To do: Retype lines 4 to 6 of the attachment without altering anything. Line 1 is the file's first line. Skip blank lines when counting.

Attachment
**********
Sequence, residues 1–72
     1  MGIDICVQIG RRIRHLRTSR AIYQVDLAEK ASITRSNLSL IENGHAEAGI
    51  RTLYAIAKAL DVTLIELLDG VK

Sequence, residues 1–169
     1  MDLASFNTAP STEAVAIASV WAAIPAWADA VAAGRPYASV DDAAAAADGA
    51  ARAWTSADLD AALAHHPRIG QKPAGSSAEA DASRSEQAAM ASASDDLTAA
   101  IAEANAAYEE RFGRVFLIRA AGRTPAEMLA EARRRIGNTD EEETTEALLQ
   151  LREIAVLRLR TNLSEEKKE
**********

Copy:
Sequence, residues 1–169
     1  MDLASFNTAP STEAVAIASV WAAIPAWADA VAAGRPYASV DDAAAAADGA
    51  ARAWTSADLD AALAHHPRIG QKPAGSSAEA DASRSEQAAM ASASDDLTAA